N.C. Electric Cooperatives Send Line Crews to Alabama to Help Restore Power Outages Caused by Hurricane Sally

More than 110 lineworkers from 11 of North Carolina’s electric cooperatives are traveling to Alabama today to help restore power to thousands of people who were left in the dark because of Hurricane Sally.

Crews from Albemarle EMC hit the road to travel to Alabama to assist with restoration efforts following Hurricane Sally.

Upon arrival, the North Carolina co-op crews will support Baldwin EMC, Alabama’s largest electric cooperative, in efforts to restore power to 78,000 consumer-members. The North Carolina cooperatives sending crews include: Albemarle EMC, Blue Ridge Energy, Brunswick Electric, Cape Hatteras Electric Cooperative, Central Electric, EnergyUnited, Four County EMC, Halifax EMC, Lumbee River EMC, Pee Dee Electric and Piedmont Electric.

“It’s part of the culture of cooperatives to support each other in times of need,” said Farris Leonard, manager of Job Training and Safety for North Carolina’s Electric Cooperatives, who is traveling with crews to Alabama today. “In North Carolina, we are no stranger to hurricanes, and we’re grateful for the efforts of cooperative crews that have worked alongside us after storms.  We’re proud to support each other and serve cooperative members.”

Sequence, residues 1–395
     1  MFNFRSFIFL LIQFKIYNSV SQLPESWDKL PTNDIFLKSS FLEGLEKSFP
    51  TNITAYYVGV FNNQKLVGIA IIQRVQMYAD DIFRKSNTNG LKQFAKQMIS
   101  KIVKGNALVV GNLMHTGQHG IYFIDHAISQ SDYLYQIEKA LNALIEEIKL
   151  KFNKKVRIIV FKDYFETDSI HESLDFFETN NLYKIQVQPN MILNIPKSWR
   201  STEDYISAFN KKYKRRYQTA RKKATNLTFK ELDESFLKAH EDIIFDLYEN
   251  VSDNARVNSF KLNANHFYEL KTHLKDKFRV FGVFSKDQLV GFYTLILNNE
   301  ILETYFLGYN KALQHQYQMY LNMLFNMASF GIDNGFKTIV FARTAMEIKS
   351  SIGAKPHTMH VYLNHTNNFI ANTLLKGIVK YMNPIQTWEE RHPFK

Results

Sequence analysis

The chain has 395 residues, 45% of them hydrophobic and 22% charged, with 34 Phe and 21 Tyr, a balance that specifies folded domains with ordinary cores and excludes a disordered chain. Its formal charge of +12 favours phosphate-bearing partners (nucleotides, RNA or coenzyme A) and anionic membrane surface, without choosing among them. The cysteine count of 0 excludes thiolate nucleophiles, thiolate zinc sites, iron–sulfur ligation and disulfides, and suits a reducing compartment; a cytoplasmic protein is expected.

Lineworkers standing in front of truck

Crews from Cape Hatteras Electric Cooperative prepare to travel to Alabama to assist in storm restoration efforts following Hurricane Sally.

Reports of downed trees and power lines, broken power poles and flooding have been coming in from across Baldwin EMC’s service area. Because of the extensive damage, including damage to transmission lines that feed substations, Baldwin EMC has cautioned its members to prepare for prolonged outages.

“We don’t want to sugarcoat this; we’re in it for the long haul,” the co-op said on Twitter.

To ensure safety during this time, North Carolina’s electric cooperative crews will implement the same expanded, pandemic-related measures that they have taken here. These include working in smaller groups with increased physical distancing, limited sharing of equipment and stringent cleaning and disinfection practices.

North Carolina’s 26 electric cooperatives collectively serve approximately 2.5 million people in 93 of the state’s 100 counties. For more information, visit ncelectriccooperatives.com.